National Lampoon’s Lemmings: Dead in Concert

The conceit of Lemmings is that we’re watching live footage of the Woodchuck Festival, Three Days of Peace, Love, and Death, where people have amassed on a farm in upstate New York to listen to music and kill themselves. It stars very young (and alive) versions of Christopher Guest, John Belushi, and Chevey [sic] Chase. Aided by musician Paul Jacobs and former Miss Arkansas Rhonda Coullet, they play songs spoofing the likes of Joan Baez, Bob Dylan, Joe Cocker, CSNY, Joni Mitchell, and others.

This doesn’t do the movie any justice.

Guest plays bass and guitar. Chevy’s on drums and Belushi’s on bass, except when Belushi’s on drums and Chevy’s on piano. They all sing. They all sing right on pitch and sound precisely like the people they are making fun of. Guest’s Dylan is phenomenal. Coullet nails Joni and Joan. The songs are funny and actually good and listenable (though the Baez spoof, “Pull the Triggers, Niggers”, while smart at times, made me squeamish).

I can’t imagine anything like this happening today. My thoughts on the shifts in comedy and culture since the 1970s as reflected in National Lampoon have been recorded elsewhere, but watching Lemmings I felt pitiful nostalgia for older notions of talent. I was also reminded of one of the better lines from Guest’s own Waiting for Guffman: “Corky can sing, and dance, and act, and direct, and there’s only one other person in the world who can do all that, and that’s Barbra Streisand.”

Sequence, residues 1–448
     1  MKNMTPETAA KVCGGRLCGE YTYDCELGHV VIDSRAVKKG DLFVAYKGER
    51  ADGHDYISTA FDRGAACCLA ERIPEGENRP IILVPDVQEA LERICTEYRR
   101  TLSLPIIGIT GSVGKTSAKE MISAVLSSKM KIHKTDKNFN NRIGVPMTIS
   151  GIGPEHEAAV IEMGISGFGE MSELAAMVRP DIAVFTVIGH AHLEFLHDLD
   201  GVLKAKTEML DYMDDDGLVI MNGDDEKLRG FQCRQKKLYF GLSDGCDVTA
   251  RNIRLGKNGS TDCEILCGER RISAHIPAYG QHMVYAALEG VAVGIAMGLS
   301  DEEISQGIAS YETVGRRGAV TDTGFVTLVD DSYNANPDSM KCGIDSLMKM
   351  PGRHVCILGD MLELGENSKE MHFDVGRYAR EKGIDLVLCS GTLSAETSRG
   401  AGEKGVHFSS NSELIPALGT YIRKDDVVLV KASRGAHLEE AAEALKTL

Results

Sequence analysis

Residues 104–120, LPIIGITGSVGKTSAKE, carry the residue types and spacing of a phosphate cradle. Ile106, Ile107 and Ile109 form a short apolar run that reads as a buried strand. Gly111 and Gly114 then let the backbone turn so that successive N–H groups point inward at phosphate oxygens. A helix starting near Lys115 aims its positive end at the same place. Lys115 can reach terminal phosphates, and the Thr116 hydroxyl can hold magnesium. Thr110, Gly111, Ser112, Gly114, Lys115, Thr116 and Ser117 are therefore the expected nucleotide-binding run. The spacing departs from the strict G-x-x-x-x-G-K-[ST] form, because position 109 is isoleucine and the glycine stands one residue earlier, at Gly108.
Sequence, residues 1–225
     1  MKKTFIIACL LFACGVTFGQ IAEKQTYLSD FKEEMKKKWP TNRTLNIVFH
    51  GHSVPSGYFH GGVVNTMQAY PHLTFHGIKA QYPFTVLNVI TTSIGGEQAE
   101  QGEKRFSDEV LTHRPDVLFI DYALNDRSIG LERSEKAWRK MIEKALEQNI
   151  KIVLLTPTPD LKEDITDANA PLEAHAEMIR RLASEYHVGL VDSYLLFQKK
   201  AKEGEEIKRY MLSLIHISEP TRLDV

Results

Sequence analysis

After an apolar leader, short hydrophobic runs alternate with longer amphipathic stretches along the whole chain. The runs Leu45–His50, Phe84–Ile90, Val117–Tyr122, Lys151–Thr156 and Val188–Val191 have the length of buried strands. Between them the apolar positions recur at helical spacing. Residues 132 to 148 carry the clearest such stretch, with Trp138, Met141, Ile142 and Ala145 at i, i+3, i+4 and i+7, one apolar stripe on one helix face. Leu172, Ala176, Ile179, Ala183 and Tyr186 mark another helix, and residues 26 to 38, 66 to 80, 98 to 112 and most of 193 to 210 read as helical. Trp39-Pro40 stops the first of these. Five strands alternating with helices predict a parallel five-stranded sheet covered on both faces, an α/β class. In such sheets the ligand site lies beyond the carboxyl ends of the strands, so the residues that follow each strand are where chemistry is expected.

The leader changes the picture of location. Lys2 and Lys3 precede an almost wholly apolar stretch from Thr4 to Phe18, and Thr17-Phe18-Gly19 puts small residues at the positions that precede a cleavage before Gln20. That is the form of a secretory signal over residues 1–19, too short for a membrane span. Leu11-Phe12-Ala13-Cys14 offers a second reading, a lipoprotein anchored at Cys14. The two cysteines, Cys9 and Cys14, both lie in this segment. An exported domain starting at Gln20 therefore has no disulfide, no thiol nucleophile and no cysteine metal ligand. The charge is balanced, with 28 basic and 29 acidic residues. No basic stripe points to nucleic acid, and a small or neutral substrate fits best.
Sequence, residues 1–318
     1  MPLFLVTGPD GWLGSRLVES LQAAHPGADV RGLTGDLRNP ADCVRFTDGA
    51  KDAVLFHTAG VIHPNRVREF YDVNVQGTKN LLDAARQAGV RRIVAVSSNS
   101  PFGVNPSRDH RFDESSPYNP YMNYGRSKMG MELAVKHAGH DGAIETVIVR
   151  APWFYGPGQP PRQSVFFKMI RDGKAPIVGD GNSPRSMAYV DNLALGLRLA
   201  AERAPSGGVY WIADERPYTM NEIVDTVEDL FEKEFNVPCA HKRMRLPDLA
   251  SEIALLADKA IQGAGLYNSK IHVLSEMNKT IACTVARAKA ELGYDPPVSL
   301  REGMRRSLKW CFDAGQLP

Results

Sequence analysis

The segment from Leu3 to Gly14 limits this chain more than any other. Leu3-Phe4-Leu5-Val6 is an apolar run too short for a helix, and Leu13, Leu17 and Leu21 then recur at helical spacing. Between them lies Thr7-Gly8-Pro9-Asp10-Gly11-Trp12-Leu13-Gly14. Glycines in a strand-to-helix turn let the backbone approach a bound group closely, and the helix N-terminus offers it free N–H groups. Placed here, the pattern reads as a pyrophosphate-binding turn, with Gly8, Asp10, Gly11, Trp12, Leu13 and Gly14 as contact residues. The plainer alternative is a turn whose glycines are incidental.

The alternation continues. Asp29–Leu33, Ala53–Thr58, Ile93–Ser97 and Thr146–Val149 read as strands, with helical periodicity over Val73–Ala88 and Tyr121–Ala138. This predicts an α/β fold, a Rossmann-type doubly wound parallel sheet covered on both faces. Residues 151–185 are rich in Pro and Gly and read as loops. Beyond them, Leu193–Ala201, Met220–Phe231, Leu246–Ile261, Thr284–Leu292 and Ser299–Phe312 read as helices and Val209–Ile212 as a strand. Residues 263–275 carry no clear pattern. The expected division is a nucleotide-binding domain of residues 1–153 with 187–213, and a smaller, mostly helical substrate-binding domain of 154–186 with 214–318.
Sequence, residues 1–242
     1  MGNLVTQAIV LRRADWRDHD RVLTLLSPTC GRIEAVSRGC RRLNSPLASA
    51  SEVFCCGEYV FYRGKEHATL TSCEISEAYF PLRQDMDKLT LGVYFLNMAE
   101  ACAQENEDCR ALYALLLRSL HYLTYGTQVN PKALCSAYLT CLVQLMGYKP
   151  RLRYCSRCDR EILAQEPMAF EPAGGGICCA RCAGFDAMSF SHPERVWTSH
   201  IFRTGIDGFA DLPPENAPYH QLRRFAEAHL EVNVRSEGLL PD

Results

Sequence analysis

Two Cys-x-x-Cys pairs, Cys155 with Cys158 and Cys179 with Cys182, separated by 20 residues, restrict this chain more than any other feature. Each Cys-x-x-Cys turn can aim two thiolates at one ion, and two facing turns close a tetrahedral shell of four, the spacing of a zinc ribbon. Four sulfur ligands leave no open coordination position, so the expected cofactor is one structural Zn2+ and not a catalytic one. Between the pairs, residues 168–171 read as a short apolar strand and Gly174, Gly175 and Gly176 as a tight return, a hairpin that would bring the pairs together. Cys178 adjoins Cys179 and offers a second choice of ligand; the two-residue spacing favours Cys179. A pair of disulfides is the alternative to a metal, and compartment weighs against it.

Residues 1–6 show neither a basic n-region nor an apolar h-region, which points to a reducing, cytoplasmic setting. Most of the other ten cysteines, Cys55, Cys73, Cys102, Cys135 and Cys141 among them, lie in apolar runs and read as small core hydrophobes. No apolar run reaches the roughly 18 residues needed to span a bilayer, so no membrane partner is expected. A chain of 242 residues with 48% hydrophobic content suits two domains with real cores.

Andy Samberg and his Lonely Island cronies come also to mind in terms of multivalent levels of talent, and also certainly what we’re dealing with is just a completely different time and a completely different societal relationship to comedy. Sure, there’s lots in Lemmings that’s just obvious, and lots that kind of dumb. But I mean the final band is called Megadeath [sic] (whose amps go all the way up to 750 decibels, the whole thing a total forerunner to the Tap), and what pleasure it must have been for those guys to watch, ten years later, as Dave Mustaine finds a particularly hardcore name for his metal act.

It streams on Netflix. Spoiler alert: they all die at the end.

UPDATE: I totally forgot to mention that the whole movie was co-written by David Axelrod, but not, apparently, that David Axelrod.

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